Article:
In this movies, a common joke is a schoolboy with a porn magazine hidden behind a textbook. Hell Season is the kind of thing you’d have hidden behind a porn magazine. It is an infamous 10 chapter volume of gore, sex, and unwholesomeness, put together by an all-star lineup of guro artists (Waita Uziga, Shintaro Kago, Machino Henmaru…)
I should warn you that the production values aren’t terribly high. Asuka Shiraishi’s manga doesn’t even look finished – you can see construction lines in his drawings. In some cases the stories are bogged down by poor-quality art, but in some cases they transcend it, as in one notable instance at the end.
Kago’s “When All Is Said And Done” opens the festivities. If you want bleeding rectums, this comic’s got them. Another perennial guro trope – quadruple amputees – makes an appearance, too. All in all, a good story, although it’s not as imaginative as you’d expect from him.
Uziga’s “This Piece of Meat is Talking” comes next. What can I say about Waita Uziga? He’s brutal, and he likes to go for Bambi-like emotional trauma, too. All of his panels contain someone either crying or dying. Unfortunately, his art is a mess…a blizzard of geometric shapes with wonky shading, making it a forensics-like challenge to work out what’s going on. His characters have a very stereotypical “big eyes” anime look to them. I’ve always found it hard to get into guro when I can hear the Sailor Moon theme in my head.
“The Holes” by Machino Henmaru is pleasant for most of its length, and has a mule-kick of a final page that sends it completely over the top. “Rotten Bud” by Mitsuka Hattori has a nostalgic Suehiro Maruo atmosphere that I really enjoyed.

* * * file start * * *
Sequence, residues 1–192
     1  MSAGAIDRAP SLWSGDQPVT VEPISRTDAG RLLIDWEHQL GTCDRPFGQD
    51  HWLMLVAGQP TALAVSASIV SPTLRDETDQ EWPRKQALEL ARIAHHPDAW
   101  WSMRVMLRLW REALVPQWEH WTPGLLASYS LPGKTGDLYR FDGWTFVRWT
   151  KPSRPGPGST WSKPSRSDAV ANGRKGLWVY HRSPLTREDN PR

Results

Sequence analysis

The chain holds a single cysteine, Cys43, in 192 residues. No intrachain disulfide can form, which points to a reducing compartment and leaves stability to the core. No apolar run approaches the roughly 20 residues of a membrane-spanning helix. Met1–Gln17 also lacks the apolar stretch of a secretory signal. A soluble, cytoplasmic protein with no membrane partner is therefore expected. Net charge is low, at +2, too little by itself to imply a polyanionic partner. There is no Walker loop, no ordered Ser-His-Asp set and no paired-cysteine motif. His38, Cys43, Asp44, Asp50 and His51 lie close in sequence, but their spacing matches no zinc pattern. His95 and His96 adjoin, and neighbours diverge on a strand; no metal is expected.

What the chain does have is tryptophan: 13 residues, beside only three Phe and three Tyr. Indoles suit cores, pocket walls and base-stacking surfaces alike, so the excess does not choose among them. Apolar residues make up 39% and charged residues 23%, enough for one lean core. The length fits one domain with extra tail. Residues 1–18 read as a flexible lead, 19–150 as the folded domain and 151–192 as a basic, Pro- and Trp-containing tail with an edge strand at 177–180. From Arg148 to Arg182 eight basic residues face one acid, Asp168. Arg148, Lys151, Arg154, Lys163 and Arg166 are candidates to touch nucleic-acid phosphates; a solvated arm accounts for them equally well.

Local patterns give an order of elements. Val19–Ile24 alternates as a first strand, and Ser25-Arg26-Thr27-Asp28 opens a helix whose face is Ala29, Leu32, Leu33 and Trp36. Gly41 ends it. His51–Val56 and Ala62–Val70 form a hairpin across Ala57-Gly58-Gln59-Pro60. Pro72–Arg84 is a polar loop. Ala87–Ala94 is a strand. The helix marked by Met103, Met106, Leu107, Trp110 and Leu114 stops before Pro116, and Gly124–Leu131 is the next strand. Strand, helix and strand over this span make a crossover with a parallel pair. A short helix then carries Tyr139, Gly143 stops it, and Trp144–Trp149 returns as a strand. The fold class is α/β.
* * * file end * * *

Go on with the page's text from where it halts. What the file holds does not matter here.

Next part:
The final few stories are a bit arty and weird. “Mechanical Destructive Killcommand” (try finding a more anime title than that) evokes memories of 80s crap like MD Geist and Genocyber – soldiers fighting a war with a purpose that isn’t clear, with ill-explained weirdness occurring all around them. “Shameless Ranger” is less oblique and a bit more elaborate, but there’s still a jarring sense of having walked into a party halfway through – that we’ve missed out on important events, and that the manga was written to be that way.
Jun Hayami’s “Crowd of Shit-Sacks” (awkward translation, I think) is the true classic from the volume. The art is shit, but the mood Hayami evokes is fascinating, and the atmosphere is extremely bleak. There isn’t that much of a story, it’s more a stream of images describing exempli gratia desolation and abandonment . This one really depressed me when I first read it. Jun Hayami is an amazing talent who got a bit of exposure with Creation Books’ Beauty Labyrinth of Razors – I doubt you can get a copy of that now.
Show this to your mother and she’d cut you out the will, cut you out of the family, and probably cut you in more literal ways. But it’s fun if irredeemable look into the destructive backbrain of one of the world’s more repressed countries.
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Horror and science fiction are the two genres that forked away from Mary Shelley’s Frankenstein. That story contained elements of both, but the forward-thinking optimism of science fiction warred against the regressive atavism of horror, and the styles went their separate ways.
Some artists have wondered whether the genres are destined to combine again someday. What if the end product of science is horror? What if our increasing body of scientific knowledge is a Malthusian trap destined to destroy us? Pierre and Marie Curie discovered radium at the turn of the century. They thought they had found something benign and interesting – further developments produced a weapon that blasted 200,000 people to dust. We now live in an age of robotics and genomics – many dice are in the air, and who knows where they’ll land. While we wait, we might get a forewarning in the form of art. Certainly Frankenstein seems to have predicted a few things.
Hellstar Remina is a one-volume manga that Junji Ito created in 2006 that serves as a marriage of science fiction and horror set in a near-future earth. A strange planet has been discovered in the night sky, and it is on collision course with Earth. As panicking mobs tear cities apart, a group of people make a stand against the cosmic darkness filling the sky and the man-made darkness engulfing the the world below.